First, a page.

combining form definition

  • noun:
    • A modified form of an independent word occurring just in conjunction with terms, affixes, or any other incorporating kinds to create compounds or types, as electro- (from electric) in electromagnet or geo- (from Greek geō-, from gē "earth”) in geochemistry.
    • A form of a word useful for incorporating with other terms or any other incorporating types to help make brand-new terms. A combining form may conjoin with a completely independent word (e.g., mini- + dress), another combining form (e.g., image- + -graphy) or an affix (e.g., cephal + -ic); it's therefore distinguished from an affix, which are often included with either a free term or a combining form not exclusively to a different affix (e.g., Iceland + -ic but not pro- + -ic). It's also distinguished historically from an affix if it is borrowed from another language for which it's descriptively a word (e.g., the French mal provided the English mal- in malodorous) or a combining kind (age.g., the Greek kako-, a combining as a type of kakos, provided the English caco- in cacography).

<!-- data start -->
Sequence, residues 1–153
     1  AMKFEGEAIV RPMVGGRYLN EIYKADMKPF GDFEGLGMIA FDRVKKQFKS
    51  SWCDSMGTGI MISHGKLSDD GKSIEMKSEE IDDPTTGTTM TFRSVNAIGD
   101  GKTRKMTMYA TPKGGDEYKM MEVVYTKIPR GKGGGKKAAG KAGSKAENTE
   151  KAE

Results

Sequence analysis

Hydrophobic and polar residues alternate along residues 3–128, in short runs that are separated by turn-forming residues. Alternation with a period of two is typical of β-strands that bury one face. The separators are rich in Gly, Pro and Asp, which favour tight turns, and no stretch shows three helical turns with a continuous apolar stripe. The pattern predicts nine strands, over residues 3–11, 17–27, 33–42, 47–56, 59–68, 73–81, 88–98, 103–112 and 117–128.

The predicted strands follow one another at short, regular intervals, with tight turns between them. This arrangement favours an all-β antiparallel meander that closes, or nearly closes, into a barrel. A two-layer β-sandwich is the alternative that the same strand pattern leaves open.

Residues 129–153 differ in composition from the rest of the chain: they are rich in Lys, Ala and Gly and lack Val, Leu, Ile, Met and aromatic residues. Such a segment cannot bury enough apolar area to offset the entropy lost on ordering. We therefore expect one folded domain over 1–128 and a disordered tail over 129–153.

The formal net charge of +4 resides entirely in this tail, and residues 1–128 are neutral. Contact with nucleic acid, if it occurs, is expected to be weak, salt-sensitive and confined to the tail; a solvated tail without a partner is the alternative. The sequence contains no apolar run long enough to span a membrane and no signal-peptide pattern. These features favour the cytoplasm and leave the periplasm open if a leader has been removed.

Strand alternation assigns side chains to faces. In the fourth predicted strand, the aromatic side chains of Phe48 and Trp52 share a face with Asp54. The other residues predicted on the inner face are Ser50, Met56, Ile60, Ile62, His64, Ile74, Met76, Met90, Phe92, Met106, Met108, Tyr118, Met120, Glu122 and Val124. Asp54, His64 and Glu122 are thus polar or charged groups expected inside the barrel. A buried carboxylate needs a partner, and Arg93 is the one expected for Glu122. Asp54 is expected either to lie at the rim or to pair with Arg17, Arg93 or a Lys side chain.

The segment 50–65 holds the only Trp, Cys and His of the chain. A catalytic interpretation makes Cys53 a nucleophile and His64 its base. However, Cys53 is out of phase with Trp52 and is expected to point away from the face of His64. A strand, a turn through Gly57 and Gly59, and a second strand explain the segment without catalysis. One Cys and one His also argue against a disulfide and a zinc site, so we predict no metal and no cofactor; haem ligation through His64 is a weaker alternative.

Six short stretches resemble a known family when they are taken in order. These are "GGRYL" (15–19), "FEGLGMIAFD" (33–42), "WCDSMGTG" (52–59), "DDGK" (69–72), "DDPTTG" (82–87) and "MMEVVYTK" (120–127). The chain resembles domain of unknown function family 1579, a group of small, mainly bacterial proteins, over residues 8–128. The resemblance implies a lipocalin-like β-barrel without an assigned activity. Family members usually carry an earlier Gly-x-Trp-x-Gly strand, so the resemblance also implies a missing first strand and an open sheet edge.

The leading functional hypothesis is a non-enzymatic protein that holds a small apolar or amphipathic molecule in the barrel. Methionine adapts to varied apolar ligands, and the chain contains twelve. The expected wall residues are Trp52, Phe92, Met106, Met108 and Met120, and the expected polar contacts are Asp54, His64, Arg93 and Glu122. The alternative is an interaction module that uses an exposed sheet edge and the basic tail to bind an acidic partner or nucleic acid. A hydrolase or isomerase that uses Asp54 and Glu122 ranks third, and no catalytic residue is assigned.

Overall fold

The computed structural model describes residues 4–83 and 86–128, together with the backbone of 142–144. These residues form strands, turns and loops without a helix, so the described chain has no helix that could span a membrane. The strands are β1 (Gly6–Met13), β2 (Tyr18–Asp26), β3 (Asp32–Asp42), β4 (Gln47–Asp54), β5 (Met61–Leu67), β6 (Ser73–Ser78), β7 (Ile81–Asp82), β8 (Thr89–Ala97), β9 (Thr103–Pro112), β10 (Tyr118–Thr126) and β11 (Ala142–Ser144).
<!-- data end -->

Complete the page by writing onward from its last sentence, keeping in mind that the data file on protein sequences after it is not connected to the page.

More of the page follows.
• In computer typography, the form of an accent which can be coupled with various other characters, as opposed to an individual personality that features the accent.
    • a bound form used only in compounds
    • A modified as a type of an independent word that occurs just in combination with terms, affixes, or other incorporating types to form substances or derivatives, as electro- (from electric) in electromagnet or geo- (from Greek geō-, from gē "earth”) in geochemistry.
    • a kind of a word used for combining along with other words or other combining kinds to create new words. A combining form may conjoin with a completely independent term (e.g., mini- + top), another combining kind (e.g., picture- + -graphy) or an affix (age.g., cephal + -ic); it really is hence distinguished from an affix, which may be included with either a free of charge term or a combining kind yet not exclusively to some other affix (e.g., Iceland + -ic yet not pro- + -ic). It can also be distinguished historically from an affix when it is lent from another language by which its descriptively a word (age.g., the French mal gave the English mal- in malodorous) or a combining kind (age.g., the Greek kako-, a combining type of kakos, gave the English caco- in cacography).
    • In computer typography, the form of an accent that can be combined with other characters, rather than just one character that features the accent.
    • a bound form used only in substances
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